by Roman Frigg
Roman Frigg is Professor of Philosophy in the Department of Philosophy, Logic and Scientific Method and Director of the Centre for Philosophy of Natural and Social Science (CPNSS) al LSE
The Centre for Natural and Social Science (CPNSS) at the London School of Economics and Political Science (LSE) was established in 1990. It is works in close collaboration with LSE’s Department of Philosophy of Natural and Social Science, but it is an independent institute with its own governing structure. It aims to promote research into philosophical, methodological and foundational questions arising in the natural and the social sciences, as well as their application to practical problems. The Centre seeks to achieve this aim by supporting interdisciplinary and inter-institutional endeavours of different kinds and maintaining international collaborations and partnerships.
The Centre is home to twelve active research projects, and it hosts a number of individual research initiatives. The selection of topics is deliberately broad in order to address a wide spectrum of issues. The various projects cover philosophy of physics, social and rational choice, philosophy and history of the social sciences, disability and inclusiveness, reasons and agency, uncertainty and evidence based policy, climate change, social welfare, voting power and democracy, and contemporary Darwinism.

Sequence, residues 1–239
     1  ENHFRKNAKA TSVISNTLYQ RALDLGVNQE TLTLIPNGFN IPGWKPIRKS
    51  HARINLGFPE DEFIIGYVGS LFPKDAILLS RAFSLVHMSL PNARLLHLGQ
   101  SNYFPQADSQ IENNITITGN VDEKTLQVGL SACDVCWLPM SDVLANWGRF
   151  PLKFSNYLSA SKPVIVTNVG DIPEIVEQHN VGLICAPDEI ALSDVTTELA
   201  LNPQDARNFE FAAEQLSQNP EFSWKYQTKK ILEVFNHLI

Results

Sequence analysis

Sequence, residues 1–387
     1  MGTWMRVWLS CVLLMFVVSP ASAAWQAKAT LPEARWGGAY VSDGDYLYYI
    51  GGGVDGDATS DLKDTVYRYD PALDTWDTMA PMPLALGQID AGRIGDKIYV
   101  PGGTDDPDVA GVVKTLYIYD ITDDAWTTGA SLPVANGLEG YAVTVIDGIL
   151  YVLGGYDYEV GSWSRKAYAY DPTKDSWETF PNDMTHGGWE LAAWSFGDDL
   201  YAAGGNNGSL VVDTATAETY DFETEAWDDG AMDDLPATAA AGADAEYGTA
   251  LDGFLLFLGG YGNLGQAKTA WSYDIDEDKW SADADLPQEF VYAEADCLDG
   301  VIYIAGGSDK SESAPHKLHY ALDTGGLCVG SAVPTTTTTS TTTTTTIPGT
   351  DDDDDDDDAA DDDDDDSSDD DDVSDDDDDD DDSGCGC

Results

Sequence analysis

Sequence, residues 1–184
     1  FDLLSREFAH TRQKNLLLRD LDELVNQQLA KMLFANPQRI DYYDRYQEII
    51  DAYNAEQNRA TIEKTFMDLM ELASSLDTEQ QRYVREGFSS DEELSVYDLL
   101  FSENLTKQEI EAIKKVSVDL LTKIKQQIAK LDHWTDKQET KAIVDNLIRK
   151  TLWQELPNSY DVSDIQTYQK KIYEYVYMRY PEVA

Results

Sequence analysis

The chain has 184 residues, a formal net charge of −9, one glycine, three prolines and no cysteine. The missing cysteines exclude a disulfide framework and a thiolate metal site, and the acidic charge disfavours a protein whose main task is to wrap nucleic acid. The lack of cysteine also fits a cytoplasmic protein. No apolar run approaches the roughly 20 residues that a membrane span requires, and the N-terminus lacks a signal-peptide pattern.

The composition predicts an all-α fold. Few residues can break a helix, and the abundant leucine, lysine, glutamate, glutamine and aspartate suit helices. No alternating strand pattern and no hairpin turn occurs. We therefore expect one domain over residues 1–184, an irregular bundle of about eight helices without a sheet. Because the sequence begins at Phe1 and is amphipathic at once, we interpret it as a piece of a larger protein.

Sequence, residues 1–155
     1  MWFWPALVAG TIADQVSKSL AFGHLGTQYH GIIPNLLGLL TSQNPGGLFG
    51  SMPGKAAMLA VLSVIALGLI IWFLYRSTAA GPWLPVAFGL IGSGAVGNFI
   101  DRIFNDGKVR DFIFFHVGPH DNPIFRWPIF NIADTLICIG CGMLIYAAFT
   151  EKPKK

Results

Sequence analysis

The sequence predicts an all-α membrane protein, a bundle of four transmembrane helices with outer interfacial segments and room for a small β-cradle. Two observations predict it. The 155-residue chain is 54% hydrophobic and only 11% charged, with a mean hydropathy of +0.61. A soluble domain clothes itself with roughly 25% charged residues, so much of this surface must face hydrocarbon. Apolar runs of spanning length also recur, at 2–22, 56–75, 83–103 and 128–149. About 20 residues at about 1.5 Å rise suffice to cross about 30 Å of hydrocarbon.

The Centre is home to the Sigma Club and the Choice Group; it hosts the regular meetings of the British Society for the Philosophy of Science; and jointly with the Department it organises the Popper Seminars. Overall the Centre organises around 100 events a year, where between five and ten of these are conferences and workshops. A number of these lectures are specifically geared towards the general public and serve an outreach and public engagement function. Contact with the wider public is further fostered through a strong presence on Twitter and Facebook (which is run jointly with the Department).
A Visitors’ Programme gives philosophers of science from all over the world the opportunity to reside in the Centre for a term or an academic year, to participate in existing projects and to pursue their own research. Around 30-40 scholars every year benefit from this opportunity. Information about the visitor’s programme can be found on the CPNSS website.